According to a procedure described previously (Nakajima et al, 1992), anaesthetized mice were perfused transcardially with PBS, followed by 4% paraformaldehyde. The fifth lumbar (L5) segments of the DRG, dorsal root and spinal cord were removed, post‐fixed in the same fixative for 3 h at 4 °C, and placed in 30% sucrose solution for 24 h at 4 °C. Sections (30 μm) were cut and processed for immunohistochemistry with antibodies for CCL21 (1:500, Peprotech), TRPV1 (1:1000, Santa Cruz), isolectin B4 (1:200, Sigma), CGRP (1:20 000, Peninsula Laboratories), NF200 (1:400, Sigma), OX‐42 (1:1000, Serotec), Iba1 (1:2000, Wako), Lyn (1:200, Wako), phosphorylated‐histone H3 (Ser10) (p‐HisH3, 1:1000, Upstate/Millipore), CD3 (1:100, eBioscience) and P2X4 (1:1000, kindly provided by Dr Francois Rassendren) (Ulmann et al, 2008). Following incubation, the sections were incubated with secondary antibodies conjugated to Alexa Fluor™ 488 or 546 (1:1000, Molecular Probes). The sections were analysed using an LSM510 Imaging System (Zeiss). For the cell size‐frequency analyses, the cross‐sectional areas of total and CCL21‐positive DRG neurons with clearly visible nuclei were measured.
Primary cultured microglia were prepared in accordance with a method described previously (Nakajima et al, 1992). In brief, a mixed glial culture was prepared from neonatal Wistar rats, C57BL/6 and plt mice and maintained for 10–16 days in DMEM with 10% fetal bovine serum. Immediately before experiments, microglia were collected by a gentle shake as the floating cells over the mixed glial culture. The microglia were transferred to coverslips for subsequent experiments. The cultures were of >99% purity, determining by immunostaining for OX‐42 and Iba1.
Whole‐cell lysates of cultured microglial cells were prepared in accordance with the methods described previously (Tsuda et al, 2008b). Aliquots (4 μg) were subjected to a 10% polyacrylamide gel electrophoresis (Bio‐Rad), and proteins were transferred electrophoretically to nitrocellulose membranes. After blocking, the membranes were incubated with anti‐P2X4R rabbit polyclonal antibody (1:1000, Alomone) or anti‐β‐actin (1:2000, Sigma) then incubated with HRP‐conjugated secondary antibody (1:1000). The blots were detected using ECL western blotting detection system (GE Healthcare) and an LAS‐3000 imaging system (Fujifilm). Bands were quantified using the software NIH Image J 1.36.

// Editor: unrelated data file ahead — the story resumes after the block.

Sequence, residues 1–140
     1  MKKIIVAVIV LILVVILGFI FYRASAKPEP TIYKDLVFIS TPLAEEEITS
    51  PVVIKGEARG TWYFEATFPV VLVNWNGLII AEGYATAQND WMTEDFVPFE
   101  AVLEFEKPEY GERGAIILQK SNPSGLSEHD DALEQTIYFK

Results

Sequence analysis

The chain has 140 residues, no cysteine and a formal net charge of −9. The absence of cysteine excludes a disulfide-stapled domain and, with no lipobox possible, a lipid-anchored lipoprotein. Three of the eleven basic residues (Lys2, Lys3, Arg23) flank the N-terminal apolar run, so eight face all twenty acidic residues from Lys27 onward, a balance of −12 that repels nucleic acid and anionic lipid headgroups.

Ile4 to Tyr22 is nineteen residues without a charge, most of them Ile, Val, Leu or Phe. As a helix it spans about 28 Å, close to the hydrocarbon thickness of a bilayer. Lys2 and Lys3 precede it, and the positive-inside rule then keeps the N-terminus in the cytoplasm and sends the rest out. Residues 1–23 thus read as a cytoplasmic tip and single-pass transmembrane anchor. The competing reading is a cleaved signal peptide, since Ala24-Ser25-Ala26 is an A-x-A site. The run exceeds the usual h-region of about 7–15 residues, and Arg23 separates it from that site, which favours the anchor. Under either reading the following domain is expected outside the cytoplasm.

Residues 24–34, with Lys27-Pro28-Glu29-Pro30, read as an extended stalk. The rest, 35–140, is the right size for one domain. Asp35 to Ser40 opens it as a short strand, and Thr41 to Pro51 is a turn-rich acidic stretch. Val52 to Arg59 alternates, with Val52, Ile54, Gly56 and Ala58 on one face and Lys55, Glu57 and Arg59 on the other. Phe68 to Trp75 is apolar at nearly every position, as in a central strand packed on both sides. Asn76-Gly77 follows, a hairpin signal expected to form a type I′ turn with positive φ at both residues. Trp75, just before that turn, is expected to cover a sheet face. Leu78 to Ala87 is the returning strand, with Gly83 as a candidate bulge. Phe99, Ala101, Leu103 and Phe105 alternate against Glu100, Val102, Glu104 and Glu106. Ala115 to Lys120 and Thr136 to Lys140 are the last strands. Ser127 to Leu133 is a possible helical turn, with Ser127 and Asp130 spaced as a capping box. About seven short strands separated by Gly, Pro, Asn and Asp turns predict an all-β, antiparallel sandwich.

Real‐time amplification, using an iCycler (Bio‐Rad) and iQ SYBR Green supermix (Bio‐Rad), was performed on 4 ng cDNA derived from microglia culture or spinal cord tissue. RNA preparation and cDNA synthesis was performed as described recently (Dijkstra et al, 2006). The primers used for real‐time PCR were designed using Primer Designer (Scientific and Educational Software, Version 3.0) and have been published earlier (Dijkstra et al, 2006). PCR amplification with CCR7 and CXCR3 primers was run in parallel with primers for the housekeeping gene hydroxymethylbilane synthase and quantified as described recently (Dijkstra et al, 2006). Primers used for P2X4 were (F): 5′‐TGGCGGACTATGTGATTCCA‐3′, primer (B): 5′‐GGTTCACGGTGACGATCATG‐3′. Lymph node tissue served as positive control and reference for CCR7 and CXCR3 expression.
Statistical analyses of the results were made with Student's t‐test, Mann–Whitney U‐test or two‐way repeated measures ANOVA (post hoc test using Tukey).
Supplementary data are available at The EMBO Journal Online (http://www.embojournal.org).
Conflict of Interest
The authors declare that they have no conflict of interest.
This work was supported by Dutch NWO‐Vidi grant, Deutsche Forschungsgemeinschaft (DFG, FOR 1336) and a stipend from Kyushu University (KB), and by grants from the Ministry of Education, Culture, Sports, Science and Technology of Japan (MT, HT‐S, KI) and in part from the Mochida Memorial Foundation for Medical and Pharmaceutical Research and the Astellas Foundation for Research on Metabolic Disorders (MT). We thank Drs Terutaka Kakiuchi, Fumio Ishikawa and Taku Kuwabara (Toho University School of Medicine, Tokyo, Japan) for providing some plt mice. We also thank Dr Francois Rassendren (Institut de Génomique Fonctionnelle, Montpellier, France) for providing the antibody for P2X4. KB, MT, HS‐T, KT, TM and ET performed the experimental work. KB, MT and KI planned the project and designed the experiments. KB, MT, HB and KI wrote the manuscript.
- Copyright © 2011 European Molecular Biology Organization